PARIS — On the eve of the winter sales period, French officials said they will extend measures to help retailers recover from protests that have disrupted business across the country during the crucial holiday season.
France’s winter sales kick off Wednesday as the country braces for the possibility of further bouts of disruption and continues to take stock of business lost to the so-called yellow vest movement.
Initially sparked by plans for a fuel tax increase late last year, nationwide protests tapped into broader discontent over declining standards of living, turning suddenly violent. While government measures to reinforce security and bolster purchasing power dramatically reduced the amount of people taking to the streets in yellow safety vests, sporadic outbursts of violence have kept officials and businesses on edge.
Following a meeting with associations representing retailers and other businesses, Agnès Pannier-Runacher, a deputy to the French Finance Minister Bruno Le Maire, said the government has extended measures including allowing more stores to stay open Sunday into the new year, extending deadlines for payments of social charges and pushing banks and insurance companies to speed assistance to businesses needing extra help. Pannier-Runacher stressed the government’s priority is for business to return to normal.
“First and foremost is the return to order and security for people who work…a priority for everyone around the table,” she said, speaking to reporters following the meeting.
“The government is very clear on this subject. There are working people whose employment is in danger and we must return to what I would call a normal working environment,” she added.
For a country that relies heavily on tourism, images of protesters clashing with police on the world-famous Avenue des Champs Élysées have also been a source of concern for the government.
“The second thing is that we are also committed to reassuring foreigners that France is an attractive country, a respectable place to spend a vacation,” Pannier-Runacher added.
Taking stock of lost business, the official noted that the situation varied in different parts of the country, with some places noting a decrease of between 5 percent and 10 percent in lost sales whereas other businesses recovered in the run-up to Christmas.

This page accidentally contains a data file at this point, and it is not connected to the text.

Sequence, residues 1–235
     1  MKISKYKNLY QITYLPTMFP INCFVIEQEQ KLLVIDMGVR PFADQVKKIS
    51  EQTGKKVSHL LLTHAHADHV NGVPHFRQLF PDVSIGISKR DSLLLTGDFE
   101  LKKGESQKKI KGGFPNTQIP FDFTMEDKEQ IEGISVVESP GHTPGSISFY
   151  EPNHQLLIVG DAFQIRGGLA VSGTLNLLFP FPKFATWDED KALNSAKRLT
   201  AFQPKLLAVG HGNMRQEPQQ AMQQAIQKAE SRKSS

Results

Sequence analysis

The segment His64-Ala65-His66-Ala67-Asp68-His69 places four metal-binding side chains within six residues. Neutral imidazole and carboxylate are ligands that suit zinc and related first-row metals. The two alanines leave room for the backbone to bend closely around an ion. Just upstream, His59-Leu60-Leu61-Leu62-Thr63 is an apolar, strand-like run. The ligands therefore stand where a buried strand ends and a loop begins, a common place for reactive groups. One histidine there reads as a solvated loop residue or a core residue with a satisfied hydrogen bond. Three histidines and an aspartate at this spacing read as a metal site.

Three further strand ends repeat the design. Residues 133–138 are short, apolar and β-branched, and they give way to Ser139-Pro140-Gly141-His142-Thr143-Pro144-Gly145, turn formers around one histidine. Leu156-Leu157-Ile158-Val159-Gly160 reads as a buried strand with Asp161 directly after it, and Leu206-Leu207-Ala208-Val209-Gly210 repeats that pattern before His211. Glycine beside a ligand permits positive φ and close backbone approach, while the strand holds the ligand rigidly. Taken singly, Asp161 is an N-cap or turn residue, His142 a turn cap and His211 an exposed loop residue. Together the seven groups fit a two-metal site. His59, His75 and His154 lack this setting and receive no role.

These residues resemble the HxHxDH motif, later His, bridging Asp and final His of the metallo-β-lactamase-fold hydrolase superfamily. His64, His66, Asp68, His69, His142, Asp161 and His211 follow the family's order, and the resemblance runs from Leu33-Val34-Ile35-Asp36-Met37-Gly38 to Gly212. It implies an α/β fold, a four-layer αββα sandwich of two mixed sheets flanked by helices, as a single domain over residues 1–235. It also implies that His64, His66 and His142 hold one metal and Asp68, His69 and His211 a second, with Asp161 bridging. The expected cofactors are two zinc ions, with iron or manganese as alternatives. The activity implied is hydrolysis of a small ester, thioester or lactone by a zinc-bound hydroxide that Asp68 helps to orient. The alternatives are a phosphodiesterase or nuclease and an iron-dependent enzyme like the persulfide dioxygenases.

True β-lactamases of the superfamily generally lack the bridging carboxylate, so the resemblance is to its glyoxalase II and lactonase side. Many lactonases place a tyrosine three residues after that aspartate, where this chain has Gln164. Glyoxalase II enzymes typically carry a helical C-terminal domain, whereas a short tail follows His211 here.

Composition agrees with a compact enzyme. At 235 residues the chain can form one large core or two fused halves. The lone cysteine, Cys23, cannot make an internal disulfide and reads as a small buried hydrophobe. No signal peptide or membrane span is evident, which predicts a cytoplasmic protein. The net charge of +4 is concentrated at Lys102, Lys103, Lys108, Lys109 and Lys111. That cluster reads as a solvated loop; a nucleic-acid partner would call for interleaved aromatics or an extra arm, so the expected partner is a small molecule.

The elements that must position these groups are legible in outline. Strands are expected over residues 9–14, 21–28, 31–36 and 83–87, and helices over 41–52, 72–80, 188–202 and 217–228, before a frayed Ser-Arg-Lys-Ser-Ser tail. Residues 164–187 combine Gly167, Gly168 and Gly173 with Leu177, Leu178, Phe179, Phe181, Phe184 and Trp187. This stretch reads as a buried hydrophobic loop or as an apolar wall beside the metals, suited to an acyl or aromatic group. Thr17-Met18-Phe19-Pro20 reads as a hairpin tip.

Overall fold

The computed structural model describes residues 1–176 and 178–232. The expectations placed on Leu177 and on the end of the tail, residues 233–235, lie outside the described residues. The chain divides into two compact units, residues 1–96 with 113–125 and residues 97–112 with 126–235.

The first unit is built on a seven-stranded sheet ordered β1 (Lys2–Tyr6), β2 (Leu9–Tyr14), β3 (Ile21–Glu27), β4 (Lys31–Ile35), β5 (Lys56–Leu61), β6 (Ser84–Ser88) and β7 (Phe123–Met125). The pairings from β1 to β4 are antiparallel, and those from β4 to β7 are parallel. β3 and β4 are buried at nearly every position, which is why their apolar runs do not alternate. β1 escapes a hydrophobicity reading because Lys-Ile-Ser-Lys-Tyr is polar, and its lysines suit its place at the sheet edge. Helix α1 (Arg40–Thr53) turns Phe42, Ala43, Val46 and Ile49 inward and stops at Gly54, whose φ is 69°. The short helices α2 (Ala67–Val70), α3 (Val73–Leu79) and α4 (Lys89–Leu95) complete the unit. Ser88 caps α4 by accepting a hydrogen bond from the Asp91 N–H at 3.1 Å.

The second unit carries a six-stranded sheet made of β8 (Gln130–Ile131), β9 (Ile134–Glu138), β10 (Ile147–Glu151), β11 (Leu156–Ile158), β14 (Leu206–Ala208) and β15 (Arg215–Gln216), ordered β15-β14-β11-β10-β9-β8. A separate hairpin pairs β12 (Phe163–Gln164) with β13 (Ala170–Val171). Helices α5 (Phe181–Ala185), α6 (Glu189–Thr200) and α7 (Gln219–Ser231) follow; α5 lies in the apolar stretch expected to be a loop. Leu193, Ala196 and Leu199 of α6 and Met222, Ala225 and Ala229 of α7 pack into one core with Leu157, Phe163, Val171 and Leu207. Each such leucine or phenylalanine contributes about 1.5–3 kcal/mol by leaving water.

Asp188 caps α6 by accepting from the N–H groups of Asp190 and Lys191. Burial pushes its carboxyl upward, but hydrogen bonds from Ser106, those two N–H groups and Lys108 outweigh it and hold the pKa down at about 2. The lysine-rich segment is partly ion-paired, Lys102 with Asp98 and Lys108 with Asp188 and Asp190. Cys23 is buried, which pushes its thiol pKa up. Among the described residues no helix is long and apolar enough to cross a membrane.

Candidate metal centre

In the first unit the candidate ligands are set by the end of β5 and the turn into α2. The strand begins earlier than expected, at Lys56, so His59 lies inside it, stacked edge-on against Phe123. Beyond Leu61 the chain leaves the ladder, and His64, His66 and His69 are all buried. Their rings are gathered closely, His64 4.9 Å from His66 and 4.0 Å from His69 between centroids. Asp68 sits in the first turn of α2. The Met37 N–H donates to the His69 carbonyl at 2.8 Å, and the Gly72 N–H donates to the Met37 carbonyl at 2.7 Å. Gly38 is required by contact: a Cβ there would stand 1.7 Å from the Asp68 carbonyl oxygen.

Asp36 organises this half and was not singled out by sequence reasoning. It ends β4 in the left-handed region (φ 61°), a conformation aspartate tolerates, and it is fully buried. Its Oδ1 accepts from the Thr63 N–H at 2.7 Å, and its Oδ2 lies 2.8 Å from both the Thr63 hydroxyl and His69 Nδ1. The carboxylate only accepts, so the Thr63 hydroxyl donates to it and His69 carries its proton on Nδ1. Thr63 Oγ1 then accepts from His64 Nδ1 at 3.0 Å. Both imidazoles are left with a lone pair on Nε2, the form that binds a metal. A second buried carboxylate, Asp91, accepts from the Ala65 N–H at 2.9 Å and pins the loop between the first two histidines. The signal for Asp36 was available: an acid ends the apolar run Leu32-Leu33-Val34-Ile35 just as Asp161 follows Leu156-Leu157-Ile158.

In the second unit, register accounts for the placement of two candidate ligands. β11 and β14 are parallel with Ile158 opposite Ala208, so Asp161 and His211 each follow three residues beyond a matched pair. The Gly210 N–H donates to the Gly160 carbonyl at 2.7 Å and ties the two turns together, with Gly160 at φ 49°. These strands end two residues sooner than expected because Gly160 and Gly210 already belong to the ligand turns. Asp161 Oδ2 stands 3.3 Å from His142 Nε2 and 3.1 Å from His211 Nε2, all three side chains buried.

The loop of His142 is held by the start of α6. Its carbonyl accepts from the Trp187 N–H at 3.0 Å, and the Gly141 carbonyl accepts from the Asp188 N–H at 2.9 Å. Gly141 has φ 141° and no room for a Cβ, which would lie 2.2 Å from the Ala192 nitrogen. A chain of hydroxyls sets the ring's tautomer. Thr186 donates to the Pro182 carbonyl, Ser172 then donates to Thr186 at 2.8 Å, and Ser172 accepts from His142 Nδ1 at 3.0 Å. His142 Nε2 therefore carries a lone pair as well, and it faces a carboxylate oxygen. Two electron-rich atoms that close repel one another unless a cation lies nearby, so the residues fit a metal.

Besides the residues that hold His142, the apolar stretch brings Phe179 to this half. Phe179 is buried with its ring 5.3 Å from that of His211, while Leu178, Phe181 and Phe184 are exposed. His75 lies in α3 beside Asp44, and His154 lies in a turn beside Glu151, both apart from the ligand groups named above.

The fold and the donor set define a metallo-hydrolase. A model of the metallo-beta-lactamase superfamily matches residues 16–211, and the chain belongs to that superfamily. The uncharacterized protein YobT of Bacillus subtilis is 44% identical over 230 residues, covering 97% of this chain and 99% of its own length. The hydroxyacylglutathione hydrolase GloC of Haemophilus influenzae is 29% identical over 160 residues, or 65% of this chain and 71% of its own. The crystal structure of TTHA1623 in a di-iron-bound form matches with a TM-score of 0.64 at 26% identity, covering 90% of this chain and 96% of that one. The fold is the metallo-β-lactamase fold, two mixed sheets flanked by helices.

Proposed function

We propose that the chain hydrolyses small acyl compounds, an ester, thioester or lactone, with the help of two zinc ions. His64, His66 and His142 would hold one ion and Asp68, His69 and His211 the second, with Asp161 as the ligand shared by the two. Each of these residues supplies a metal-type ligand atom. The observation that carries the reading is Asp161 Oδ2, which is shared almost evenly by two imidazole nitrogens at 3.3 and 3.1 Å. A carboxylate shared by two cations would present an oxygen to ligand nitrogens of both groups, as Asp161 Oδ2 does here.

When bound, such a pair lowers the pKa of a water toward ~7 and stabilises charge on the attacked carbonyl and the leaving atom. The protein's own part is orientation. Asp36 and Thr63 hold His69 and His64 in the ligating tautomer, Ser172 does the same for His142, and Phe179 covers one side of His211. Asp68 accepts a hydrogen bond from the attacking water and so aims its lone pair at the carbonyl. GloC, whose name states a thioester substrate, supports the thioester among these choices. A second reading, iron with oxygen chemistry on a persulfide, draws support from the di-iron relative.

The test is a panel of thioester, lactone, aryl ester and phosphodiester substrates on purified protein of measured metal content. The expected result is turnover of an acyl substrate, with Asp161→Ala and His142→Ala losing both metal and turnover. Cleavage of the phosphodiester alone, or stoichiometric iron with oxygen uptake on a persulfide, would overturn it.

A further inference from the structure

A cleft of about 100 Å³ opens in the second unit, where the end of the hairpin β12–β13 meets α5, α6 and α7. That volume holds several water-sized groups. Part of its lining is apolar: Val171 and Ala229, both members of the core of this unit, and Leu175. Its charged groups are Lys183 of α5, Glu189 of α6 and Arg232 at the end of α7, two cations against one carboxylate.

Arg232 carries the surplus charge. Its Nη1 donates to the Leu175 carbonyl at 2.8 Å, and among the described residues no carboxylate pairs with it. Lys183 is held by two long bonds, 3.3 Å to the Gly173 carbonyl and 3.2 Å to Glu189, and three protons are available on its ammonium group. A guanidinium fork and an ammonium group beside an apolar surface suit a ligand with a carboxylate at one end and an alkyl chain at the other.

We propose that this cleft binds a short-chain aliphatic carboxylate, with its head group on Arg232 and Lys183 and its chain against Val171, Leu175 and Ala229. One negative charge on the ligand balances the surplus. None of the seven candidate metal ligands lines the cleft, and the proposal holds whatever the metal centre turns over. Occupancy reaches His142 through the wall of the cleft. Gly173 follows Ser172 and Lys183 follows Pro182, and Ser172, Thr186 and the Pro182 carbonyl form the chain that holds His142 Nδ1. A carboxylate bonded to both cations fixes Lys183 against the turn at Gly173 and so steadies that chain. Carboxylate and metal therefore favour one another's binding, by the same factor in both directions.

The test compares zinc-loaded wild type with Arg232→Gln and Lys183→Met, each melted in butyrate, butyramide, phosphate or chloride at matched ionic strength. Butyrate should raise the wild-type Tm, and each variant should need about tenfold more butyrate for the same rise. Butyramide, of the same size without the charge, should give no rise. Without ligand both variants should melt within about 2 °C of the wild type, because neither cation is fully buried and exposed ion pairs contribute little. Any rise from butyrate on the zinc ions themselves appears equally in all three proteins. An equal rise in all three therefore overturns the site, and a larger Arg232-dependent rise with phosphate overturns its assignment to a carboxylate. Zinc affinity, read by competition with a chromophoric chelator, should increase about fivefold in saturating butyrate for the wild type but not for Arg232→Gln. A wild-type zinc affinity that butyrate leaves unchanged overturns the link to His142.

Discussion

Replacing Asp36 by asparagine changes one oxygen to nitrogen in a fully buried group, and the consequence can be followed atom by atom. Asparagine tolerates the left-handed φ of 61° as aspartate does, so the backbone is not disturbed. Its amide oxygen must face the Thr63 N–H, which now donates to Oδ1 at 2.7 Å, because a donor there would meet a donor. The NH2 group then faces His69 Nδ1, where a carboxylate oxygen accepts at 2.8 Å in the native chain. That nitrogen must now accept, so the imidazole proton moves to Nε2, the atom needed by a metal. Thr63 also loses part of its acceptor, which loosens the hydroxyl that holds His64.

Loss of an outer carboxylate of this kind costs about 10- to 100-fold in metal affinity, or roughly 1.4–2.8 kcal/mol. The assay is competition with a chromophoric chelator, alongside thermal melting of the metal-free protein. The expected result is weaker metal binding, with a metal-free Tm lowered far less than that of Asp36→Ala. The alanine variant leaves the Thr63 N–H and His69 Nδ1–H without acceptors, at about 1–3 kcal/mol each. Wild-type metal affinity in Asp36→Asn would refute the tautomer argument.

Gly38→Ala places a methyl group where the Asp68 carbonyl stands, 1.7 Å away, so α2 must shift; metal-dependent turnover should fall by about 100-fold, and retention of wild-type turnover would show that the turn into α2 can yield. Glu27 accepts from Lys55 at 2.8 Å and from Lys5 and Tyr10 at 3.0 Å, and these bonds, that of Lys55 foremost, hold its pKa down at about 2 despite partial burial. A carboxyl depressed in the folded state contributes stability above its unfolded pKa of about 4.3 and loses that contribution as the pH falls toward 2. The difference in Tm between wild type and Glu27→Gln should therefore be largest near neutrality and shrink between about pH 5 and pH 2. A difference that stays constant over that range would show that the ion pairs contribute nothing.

“At the same time, it is a real cause for concern,” she added.
Retailers are hoping for a strong sales season, noted Yohann Petiot, head of the Alliance du Commerce, a retail lobby group mainly in the apparel sector that includes the country’s main department stores.
“We are expecting a lot from the sales…but they are opening in a climate of incertitude,” he added. The possibility that yellow vest protests could crop up on Wednesdays, in addition to Saturdays, cast further doubt over a gloomy climate for consumption, he noted.
“It’s a major concern because [Wednesday] will be an important day for kicking off the sales…generally it sets the tone for the season, along with the first weekend of the sales, so we can’t miss out on it — I hope it will go well throughout France,” he said.
Retailers are waiting for the end of the sales to measure the impact of the protest movement on consumption and are counting on January to build up cash in order to buy collections for upcoming seasons, he added. “So it’s that much more important that we manage to have a successful January,” he said.
While it is too early to say how steep discounts will be, pre-sales that started on Dec. 26 — early for France — carried discounts running as high as 50 percent, noted Petiot. Margins will be the next source of concern, he added.
“[The discounts are] already quite high, so retailers may recover some revenues thanks to the sales but it will have a major impact on their margins…that’s also a problem that will have to be managed in the long term,” he said.